The Six Million Dollar Mon
This week’s episode, “The Six Million Dollar Mon” proves that Futurama can still be funny when the main cast takes center stage. Case in point: ‘The Six Million Dollar Mon’, whose plot was almost certainly built out of an excuse to use that face-palm of a pun, centred around Hermes’ desire to increase his bureaucratic efficiency by becoming a robot. Nothing particularly dark there, until jokes from the second act onwards start focusing on backstreet surgery, skin peeling, epidermicide (my new favourite crime) and the reconstruction of a human being from individual parts stored in a bloody paper bag. The show also appears to have killed off its second robotic supporting character in the space of under half a season (following the demise of Calculon in ‘The Thief Of Baghead’) in the shape of the stab-happy Roberto.
First, after a routine performance review, Hermes realizes he’s the least valuable employee at Planet Express, and does the only logical thing: he fires himself, only to be replaced by a more efficient ‘bot. Then, while he and LaBarbara are taking a walk in the park, they’re attacking by the psychotic, skin-obsessed Roberto, another machine. Roberto is dispatched by the police (the robot cop makes the arrest, naturally), and Hermes decides that the only way he can be happy is with a little upgrade. It’s an effective progression, one that explains why the character is having a change of heart now, while still being built on top of aspects of his personality that have long been established.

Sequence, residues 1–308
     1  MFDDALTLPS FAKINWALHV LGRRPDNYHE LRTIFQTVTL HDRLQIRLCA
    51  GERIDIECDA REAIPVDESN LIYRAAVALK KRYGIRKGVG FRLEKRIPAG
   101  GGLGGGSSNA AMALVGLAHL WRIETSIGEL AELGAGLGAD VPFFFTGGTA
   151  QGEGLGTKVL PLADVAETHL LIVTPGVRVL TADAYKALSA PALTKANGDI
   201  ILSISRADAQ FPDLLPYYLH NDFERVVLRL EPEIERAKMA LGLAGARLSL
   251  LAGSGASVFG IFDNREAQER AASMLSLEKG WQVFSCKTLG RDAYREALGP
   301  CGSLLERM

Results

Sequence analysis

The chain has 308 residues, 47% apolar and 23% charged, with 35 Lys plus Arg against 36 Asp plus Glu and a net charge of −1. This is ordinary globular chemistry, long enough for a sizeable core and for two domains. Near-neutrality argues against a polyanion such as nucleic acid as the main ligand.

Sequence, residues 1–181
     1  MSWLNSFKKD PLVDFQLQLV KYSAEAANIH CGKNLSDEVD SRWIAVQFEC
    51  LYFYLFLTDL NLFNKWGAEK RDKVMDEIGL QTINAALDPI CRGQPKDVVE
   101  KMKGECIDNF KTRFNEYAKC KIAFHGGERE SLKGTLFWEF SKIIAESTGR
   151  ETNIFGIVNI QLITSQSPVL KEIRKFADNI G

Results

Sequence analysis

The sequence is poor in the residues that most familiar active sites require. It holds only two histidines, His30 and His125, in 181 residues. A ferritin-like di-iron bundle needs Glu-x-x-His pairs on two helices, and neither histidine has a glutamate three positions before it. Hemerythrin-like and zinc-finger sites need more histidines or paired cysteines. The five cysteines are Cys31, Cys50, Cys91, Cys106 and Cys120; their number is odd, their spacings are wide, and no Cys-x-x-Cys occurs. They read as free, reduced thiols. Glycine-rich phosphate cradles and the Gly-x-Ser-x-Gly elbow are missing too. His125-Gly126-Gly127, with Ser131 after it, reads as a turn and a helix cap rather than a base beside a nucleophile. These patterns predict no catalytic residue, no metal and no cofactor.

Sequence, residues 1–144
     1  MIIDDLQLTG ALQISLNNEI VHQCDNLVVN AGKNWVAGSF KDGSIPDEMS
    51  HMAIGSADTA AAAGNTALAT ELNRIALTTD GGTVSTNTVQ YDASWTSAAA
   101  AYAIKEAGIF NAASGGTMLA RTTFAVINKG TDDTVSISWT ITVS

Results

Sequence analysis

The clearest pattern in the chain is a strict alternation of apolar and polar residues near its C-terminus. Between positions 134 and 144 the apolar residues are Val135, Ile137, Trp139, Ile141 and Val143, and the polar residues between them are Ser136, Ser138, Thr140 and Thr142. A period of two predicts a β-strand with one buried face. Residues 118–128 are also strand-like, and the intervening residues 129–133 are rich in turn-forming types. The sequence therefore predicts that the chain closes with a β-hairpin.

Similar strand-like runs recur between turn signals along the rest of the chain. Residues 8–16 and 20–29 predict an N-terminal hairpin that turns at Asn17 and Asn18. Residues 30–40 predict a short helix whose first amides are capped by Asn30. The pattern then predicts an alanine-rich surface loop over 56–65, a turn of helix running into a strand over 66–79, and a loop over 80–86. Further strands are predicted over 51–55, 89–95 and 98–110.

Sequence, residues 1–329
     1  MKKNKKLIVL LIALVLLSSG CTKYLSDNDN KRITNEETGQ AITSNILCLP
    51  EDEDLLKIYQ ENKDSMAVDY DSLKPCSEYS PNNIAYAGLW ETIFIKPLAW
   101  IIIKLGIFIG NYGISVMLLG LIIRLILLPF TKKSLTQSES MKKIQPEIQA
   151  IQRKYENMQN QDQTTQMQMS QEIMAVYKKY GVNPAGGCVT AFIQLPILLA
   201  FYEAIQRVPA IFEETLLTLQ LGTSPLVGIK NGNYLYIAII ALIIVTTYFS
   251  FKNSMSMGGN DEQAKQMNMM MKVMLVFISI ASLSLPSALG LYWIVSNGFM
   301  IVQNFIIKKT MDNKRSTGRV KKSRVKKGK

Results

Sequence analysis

Hermes showed us why robotic implants are just trouble. Sure, it starts with the desire to launch a harpoon out of one’s chest, but it always just goes quickly downhill. I mean, it always leads to becoming a giant dehumanizing death machine, without question. Great science-fiction like this does use the future to comment on the present, after all! Hermes’s enjoyment and tolerance of extremely spicy food is something I can relate to, though I would hope that my skin wouldn’t cause robots to melt, and to burn holes through people’s bodies. Also, I hope that no one ever tries to eat my skin.
Admittedly, the modern culture parodies haven’t gone away and still feel out of place in a world a thousand years in the future, but episodes like ‘Decision 3012’ have at least mixed up an otherwise polemic-driven premise with a science fiction twist (the election candidate from the future disappears upon the completion of his task to change the past, thus undoing all his work) and a higher-than-before batting average for jokes, suggesting the newer writers have started becoming comfortable with the kind of humour that works in Futurama’s setting.
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